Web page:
Animal liberation activists want to shut down aquariums and marine parks. What would happen to the animals? For dolphins and whales, activists propose releasing them into coastal “sea pens,” which they call sanctuaries.
The Whale Sanctuary Project is raising money to build a sea pen on the coast of Nova Scotia. Additionally, activists made a sea pen off the coast of Iceland to house two beluga whales that were previously in a marine park.
While the idea may sound appealing at first, there are numerous challenges to the wellbeing of animals in seaside pens. The National Aquarium, based in Baltimore, announced plans to find a seaside sanctuary for eight dolphins by 2020–but as of 2023 still has not announced a site.
“[I]t’s not clear to me that it is any better than what the whales currently have,” says Andrew Trites, director of marine mammal research at the University of British Columbia’s Institute for the Oceans and Fisheries.
The Death of “Free Willy”
Why can’t marine mammals in human care simply be released into the ocean? The release and death of the orca Keiko shows why.
Animal rights activists, spurred by the 1992 movie Free Willy, demanded the release of Keiko, the killer whale used in the film. Marine mammal experts who had more than a Hollywood education were skeptical. But more than $20 million was raised to release Keiko into the wild, and activists were determined to do it. The release effort was led by the Free Willy-Keiko Foundation and the Humane Society of the United States. (See Profile: Humane Society of the United States for more information on this group.)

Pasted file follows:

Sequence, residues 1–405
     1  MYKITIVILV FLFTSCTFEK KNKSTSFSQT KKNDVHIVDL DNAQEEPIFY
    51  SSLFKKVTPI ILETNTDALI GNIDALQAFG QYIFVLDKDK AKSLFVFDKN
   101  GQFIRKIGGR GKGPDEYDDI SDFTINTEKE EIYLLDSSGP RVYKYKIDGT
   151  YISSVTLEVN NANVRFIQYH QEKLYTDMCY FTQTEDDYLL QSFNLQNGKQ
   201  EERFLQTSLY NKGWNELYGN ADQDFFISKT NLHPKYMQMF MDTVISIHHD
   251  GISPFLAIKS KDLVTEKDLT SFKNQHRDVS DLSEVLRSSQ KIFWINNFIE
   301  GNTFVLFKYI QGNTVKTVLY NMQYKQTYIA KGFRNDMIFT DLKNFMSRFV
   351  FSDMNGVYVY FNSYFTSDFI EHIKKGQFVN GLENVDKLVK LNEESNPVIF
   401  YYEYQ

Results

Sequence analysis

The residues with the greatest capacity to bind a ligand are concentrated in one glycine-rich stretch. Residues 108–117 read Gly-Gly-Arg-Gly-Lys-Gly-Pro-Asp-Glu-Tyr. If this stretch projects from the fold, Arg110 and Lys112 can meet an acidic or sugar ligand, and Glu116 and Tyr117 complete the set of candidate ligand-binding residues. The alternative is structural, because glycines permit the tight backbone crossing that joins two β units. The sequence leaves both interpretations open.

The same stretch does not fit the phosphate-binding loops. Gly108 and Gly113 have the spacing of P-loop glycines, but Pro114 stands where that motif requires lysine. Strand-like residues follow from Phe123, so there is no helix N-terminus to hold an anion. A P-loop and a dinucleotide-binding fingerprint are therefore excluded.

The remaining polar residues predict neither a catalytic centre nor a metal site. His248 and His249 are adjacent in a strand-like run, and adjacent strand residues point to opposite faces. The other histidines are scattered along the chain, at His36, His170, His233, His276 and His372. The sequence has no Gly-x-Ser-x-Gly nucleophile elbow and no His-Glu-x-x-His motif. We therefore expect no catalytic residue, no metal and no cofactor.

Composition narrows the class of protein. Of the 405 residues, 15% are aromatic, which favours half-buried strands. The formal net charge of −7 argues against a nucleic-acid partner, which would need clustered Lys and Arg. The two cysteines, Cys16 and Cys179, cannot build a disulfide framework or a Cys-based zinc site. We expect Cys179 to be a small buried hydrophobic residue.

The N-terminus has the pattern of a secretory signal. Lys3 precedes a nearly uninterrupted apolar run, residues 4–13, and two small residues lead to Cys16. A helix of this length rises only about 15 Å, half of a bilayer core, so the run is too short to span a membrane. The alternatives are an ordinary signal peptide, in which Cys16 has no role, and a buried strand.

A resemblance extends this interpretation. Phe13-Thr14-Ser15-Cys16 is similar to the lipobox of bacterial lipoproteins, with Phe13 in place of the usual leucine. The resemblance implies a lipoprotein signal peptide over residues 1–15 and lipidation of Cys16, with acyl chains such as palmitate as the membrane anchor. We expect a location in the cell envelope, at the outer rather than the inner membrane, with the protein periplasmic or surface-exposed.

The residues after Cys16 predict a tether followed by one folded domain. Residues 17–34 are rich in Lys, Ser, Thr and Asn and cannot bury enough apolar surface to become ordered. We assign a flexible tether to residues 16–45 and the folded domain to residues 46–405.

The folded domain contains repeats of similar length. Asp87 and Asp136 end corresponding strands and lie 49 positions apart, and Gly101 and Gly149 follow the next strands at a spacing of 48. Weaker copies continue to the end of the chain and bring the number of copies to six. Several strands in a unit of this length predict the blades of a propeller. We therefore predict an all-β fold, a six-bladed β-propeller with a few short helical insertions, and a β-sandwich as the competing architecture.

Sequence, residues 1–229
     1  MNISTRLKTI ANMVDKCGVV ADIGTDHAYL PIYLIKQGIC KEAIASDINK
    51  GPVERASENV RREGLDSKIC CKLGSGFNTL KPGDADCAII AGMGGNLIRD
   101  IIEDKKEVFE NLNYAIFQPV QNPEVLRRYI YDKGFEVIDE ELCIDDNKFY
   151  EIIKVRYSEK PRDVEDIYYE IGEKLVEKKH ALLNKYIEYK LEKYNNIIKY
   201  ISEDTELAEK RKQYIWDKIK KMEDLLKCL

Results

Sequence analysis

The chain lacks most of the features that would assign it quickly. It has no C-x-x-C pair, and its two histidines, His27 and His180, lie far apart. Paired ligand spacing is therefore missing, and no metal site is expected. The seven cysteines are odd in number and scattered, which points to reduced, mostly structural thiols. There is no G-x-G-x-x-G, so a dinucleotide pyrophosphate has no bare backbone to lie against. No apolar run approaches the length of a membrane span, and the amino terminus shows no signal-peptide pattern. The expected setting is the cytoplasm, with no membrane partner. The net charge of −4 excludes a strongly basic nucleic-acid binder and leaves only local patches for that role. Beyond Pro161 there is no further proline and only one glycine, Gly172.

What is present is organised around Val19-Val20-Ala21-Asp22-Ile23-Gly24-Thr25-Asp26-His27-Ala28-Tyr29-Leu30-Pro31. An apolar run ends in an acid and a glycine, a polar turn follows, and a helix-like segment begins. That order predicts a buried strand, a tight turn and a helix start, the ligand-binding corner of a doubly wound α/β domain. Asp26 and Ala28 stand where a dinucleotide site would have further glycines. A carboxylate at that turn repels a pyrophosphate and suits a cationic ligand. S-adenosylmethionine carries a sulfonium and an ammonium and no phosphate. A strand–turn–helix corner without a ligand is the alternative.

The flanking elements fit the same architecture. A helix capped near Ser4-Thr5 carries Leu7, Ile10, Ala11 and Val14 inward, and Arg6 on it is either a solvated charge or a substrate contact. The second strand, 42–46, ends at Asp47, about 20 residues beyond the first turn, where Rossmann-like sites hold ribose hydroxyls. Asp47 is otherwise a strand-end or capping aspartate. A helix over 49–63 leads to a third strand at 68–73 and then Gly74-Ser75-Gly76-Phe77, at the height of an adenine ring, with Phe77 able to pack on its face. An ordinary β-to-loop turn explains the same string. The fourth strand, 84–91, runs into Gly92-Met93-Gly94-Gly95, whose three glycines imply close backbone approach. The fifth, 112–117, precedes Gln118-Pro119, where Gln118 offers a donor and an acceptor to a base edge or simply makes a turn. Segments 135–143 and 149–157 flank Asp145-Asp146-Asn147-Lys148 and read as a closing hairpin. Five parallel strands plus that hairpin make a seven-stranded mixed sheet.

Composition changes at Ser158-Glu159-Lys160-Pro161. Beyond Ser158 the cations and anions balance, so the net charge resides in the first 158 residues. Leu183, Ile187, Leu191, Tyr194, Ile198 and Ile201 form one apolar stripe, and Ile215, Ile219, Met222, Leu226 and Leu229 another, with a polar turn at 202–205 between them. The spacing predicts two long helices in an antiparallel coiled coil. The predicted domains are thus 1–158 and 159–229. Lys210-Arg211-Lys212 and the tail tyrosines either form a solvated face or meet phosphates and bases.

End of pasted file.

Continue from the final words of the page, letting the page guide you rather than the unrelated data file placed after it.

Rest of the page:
Keiko was flown from the US to Europe, where the animal was first placed in a pen and eventually released into the open ocean. However, Keiko never joined a wild orca pod, and kept seeking human attention and feeding. He died, likely from pneumonia, in a cove in Norway in late 2003.
What is a Sea Pen?
A sea pen is an area of coastline that is enclosed with a net. Some smaller fish and aquatic life would be able to pass through the holes in the net, but larger marine mammals would not. While larger than an aquarium, a sea pen would not provide access to an open body of water.
The Problems With Sea Pens
While the mental image of a sea “sanctuary” sounds pleasant, the reality is starkly different. Sea pens have a number of drawbacks from an animal welfare perspective:
- Environmental contamination
- Relocation stress
- Reduced social interaction
- Reduced care
- Reduced lifespan
In a facility such as an aquarium, water can be treated to ensure that it is of the highest quality for fish and marine mammals. This is not true for sea pens, which are in open waters and located next to a coastline.
Boat traffic can release oil and create noise pollution. Sewage, industrial and agricultural chemicals, and other runoff goes into the ocean. Trash and other litter goes from shore to water. Pollutants can create both sudden problems for animals in sea pens and also chronic problems as they bio-accumulate in the animal. This can lead to long-term health problems and death for marine mammals.